China’s space authorities called it the
“mystery hut.” Others called it the “moon cube.” Yutu-2 was sent for a closer
look, and at the leisurely speed the rover is capable of traveling, it took
weeks to get up close.
On Friday, Our Space, a Chinese language
science channel affiliated with China National Space Administration, posted an
update. There is no monolith, no secret base on the rim of a lunar crater.
Close up, it turns out to be just a rock. The seemingly perfect geometric shape
was just a trick of angle, light and shadow.
The report was noted earlier on Twitter by
Andrew Jones, a journalist who follows the Chinese space program.
Although the mystery hut was not a hut at all,
one of the rover’s remote drivers on Earth pointed out that the rock sort of
resembled a rabbit and one of the stones in front of it looked a bit like a
carrot. That’s fitting as the rover’s name means “Jade Rabbit.”
The rover has now driven just over 1,000
meters since it arrived three years ago on the moon’s far side, in Von Kármán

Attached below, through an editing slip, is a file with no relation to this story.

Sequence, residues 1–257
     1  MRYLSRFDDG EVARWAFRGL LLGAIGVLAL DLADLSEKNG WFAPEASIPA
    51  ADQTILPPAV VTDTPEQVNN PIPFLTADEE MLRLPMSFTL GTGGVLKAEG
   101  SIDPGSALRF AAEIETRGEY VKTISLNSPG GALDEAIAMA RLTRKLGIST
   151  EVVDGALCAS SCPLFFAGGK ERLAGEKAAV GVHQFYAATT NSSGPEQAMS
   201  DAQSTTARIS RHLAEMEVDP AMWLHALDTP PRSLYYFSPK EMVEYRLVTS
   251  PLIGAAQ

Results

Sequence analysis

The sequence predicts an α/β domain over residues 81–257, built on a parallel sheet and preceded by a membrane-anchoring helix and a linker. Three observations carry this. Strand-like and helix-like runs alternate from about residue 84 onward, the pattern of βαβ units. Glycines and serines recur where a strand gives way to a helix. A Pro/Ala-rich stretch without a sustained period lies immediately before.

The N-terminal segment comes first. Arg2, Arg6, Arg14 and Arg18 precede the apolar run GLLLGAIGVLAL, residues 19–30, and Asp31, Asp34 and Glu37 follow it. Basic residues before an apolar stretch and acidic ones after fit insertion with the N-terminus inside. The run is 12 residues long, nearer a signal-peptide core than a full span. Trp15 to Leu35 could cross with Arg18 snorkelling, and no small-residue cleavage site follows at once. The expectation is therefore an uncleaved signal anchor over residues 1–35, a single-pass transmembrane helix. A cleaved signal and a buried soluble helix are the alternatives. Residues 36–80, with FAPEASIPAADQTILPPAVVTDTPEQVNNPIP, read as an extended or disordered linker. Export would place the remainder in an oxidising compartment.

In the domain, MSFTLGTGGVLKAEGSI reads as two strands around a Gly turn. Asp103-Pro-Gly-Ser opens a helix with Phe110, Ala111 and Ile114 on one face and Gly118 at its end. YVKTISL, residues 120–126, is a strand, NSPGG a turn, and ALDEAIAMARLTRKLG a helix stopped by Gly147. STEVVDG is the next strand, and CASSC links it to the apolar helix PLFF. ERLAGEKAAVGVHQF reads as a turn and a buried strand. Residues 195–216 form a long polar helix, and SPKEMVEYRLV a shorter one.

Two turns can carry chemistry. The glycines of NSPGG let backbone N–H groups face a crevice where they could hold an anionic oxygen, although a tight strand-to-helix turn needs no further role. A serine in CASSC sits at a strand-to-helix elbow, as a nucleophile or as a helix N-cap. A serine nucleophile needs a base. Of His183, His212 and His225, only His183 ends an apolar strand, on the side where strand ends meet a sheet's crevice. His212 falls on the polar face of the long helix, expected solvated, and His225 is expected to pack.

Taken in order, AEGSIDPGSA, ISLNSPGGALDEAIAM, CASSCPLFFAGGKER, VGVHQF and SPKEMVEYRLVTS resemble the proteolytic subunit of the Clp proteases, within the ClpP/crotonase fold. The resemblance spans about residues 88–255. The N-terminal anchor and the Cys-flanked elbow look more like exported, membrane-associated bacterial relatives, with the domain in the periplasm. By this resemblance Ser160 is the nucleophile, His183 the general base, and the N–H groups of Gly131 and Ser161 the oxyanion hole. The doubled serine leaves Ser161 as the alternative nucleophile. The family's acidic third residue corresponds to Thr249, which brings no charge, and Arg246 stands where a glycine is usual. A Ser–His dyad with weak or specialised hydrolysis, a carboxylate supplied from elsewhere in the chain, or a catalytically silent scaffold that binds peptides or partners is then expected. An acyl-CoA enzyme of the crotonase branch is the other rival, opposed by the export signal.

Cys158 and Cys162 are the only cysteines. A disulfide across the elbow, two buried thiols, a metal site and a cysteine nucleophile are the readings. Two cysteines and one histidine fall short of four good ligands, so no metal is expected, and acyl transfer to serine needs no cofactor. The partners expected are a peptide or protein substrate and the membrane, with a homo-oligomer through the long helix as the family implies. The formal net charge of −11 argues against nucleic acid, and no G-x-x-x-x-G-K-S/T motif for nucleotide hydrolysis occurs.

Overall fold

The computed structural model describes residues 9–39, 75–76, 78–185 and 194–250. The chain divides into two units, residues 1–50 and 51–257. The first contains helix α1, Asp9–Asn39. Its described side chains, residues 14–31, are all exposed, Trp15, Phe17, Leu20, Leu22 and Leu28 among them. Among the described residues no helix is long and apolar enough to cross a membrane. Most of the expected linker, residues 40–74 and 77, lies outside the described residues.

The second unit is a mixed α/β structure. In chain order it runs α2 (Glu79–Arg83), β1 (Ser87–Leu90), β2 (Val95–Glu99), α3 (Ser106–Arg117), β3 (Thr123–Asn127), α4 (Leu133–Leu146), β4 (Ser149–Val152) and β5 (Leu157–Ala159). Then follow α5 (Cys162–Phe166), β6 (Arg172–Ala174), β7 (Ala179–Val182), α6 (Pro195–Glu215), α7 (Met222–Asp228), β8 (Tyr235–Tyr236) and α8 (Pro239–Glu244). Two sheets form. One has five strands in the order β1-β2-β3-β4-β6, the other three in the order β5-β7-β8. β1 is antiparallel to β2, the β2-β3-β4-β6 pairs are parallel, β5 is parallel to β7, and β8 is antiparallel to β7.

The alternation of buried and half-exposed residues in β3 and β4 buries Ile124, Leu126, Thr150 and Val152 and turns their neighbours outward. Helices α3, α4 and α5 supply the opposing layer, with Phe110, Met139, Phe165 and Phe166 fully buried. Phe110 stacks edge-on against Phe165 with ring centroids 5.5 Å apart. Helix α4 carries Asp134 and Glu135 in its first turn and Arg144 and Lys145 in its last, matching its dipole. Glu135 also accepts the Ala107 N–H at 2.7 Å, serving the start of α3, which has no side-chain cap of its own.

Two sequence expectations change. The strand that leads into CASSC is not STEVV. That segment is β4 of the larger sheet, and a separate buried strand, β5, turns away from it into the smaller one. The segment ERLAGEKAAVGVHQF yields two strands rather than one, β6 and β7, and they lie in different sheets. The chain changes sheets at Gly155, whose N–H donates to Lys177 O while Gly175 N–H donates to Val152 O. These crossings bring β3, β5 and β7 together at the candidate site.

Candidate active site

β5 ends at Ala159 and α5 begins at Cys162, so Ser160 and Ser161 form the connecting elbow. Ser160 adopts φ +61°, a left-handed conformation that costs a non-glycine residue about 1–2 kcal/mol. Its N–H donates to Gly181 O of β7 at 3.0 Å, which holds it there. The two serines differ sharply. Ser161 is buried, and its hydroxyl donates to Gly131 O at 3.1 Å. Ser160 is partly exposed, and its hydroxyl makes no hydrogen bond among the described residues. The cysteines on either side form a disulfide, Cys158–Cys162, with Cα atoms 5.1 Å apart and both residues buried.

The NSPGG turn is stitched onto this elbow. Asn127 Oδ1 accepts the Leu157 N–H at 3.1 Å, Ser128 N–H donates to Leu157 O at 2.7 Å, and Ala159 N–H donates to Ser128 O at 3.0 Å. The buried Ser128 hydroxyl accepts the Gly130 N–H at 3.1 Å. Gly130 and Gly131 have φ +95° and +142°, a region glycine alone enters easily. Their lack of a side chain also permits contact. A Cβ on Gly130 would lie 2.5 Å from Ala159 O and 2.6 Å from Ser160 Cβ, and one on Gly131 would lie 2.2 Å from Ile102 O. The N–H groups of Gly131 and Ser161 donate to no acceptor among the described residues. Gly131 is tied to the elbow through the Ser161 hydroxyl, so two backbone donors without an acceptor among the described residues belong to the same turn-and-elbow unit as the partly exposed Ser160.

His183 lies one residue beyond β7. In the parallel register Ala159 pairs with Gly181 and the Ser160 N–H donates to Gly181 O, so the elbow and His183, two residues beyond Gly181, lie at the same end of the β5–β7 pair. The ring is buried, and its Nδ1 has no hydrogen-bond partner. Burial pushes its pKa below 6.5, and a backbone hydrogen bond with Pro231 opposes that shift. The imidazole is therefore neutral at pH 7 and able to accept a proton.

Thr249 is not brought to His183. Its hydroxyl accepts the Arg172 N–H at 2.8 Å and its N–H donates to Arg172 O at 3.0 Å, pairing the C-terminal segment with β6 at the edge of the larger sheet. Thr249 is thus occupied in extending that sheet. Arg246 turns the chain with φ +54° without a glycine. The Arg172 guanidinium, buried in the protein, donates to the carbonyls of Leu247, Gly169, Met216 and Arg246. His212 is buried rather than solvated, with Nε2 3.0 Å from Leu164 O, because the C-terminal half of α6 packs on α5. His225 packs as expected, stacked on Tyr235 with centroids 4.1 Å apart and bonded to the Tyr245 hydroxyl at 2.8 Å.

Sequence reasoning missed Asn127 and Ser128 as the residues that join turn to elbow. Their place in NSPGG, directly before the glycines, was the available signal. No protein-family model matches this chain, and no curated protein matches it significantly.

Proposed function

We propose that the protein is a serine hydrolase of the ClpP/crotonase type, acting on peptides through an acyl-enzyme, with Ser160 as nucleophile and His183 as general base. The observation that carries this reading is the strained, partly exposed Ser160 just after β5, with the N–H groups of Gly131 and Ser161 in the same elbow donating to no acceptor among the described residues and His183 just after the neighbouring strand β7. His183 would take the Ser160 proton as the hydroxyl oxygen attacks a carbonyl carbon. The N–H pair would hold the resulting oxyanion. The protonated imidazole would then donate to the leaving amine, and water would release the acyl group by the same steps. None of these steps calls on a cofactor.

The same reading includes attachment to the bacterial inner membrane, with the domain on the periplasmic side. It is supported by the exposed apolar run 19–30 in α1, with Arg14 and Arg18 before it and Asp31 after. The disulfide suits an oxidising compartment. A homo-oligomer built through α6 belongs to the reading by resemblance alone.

crater, as part of the Chang’e-4 mission. It is the first mission to land on
the far side.
Visual illusions are common in the history of
space exploration, whether seen by astronomers peering through telescopes on
Earth or robotic explorers on other worlds capturing images with cameras. In a
parallel with the rabbitlike rock found by China’s rover, a NASA rover on Mars,
Opportunity, spotted something that looked like bunny ears in 2004. Further
analysis by engineers on Earth suggested it was insulation or other soft
material that fell off the rover itself.
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